A crisis is really a terrible thing to waste. – Paul Romer, Stanford economist
Authentic leadership is both active and reflective. One has to alternate between participating and observing. I am in the midst of navigating my own way through that journey and feel compelled to share my experiences and perspective with you.
The focus of my life’s work and passion is authentic leadership. At the foundation of authenticity lies ownership and personal accountability. In part, this means the ability to distinguish between what you can control and what you can’t and putting energy into that which you can influence. I am aware that COVID-19 is causing concern and fear. I recently read that, despite all that is being done, 50,000 people still die on this continent every year from the flu. As much effort that is going on to try to contain this thing, let’s keep things in perspective. A trickle of fear in the brain can eventually turn into a trough that everything flows into.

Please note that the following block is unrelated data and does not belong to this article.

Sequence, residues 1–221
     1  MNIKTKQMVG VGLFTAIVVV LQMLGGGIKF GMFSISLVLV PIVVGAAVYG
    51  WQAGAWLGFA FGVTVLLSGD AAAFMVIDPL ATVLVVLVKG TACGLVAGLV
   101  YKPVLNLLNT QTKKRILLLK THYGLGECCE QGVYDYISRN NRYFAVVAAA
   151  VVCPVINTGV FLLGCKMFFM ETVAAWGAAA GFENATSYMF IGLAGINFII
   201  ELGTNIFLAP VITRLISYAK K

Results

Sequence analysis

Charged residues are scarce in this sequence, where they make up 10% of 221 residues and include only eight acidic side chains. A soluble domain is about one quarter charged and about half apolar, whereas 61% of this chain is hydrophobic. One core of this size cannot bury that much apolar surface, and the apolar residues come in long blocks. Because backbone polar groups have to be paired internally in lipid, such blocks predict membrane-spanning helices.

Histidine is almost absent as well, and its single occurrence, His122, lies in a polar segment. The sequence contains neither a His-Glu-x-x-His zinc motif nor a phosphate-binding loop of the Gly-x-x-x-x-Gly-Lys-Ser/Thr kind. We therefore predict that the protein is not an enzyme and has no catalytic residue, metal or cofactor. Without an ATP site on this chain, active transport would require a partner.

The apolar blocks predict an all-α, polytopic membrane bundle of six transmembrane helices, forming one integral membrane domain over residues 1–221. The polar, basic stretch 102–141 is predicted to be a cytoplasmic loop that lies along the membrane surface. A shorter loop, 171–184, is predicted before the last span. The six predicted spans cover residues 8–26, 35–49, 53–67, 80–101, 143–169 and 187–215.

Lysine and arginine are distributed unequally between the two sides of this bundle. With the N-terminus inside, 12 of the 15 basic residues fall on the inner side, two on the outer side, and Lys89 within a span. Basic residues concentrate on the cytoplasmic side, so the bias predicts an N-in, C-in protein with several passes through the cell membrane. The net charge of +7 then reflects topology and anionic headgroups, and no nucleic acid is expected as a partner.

The truth is that our health is constantly threatened by external toxins and “invaders” such as viruses and bacteria. We have little control over what is circulating in the air around us, but most of us have the ability to influence our immune system – how the body responds to these toxins.
Personal accountability means taking full responsibility for what we can control and letting go of what we can’t control. In the midst of all the unknowns in the current world narrative about this disease not enough emphasis is being placed on what we can control – our own response to the disease. Let’s not get so stressed about this that we create a self-fulfilling prophesy of a compromised immune system.
While much lies outside the sphere of influence in this impending endemic, here are three things we can all be accountable for: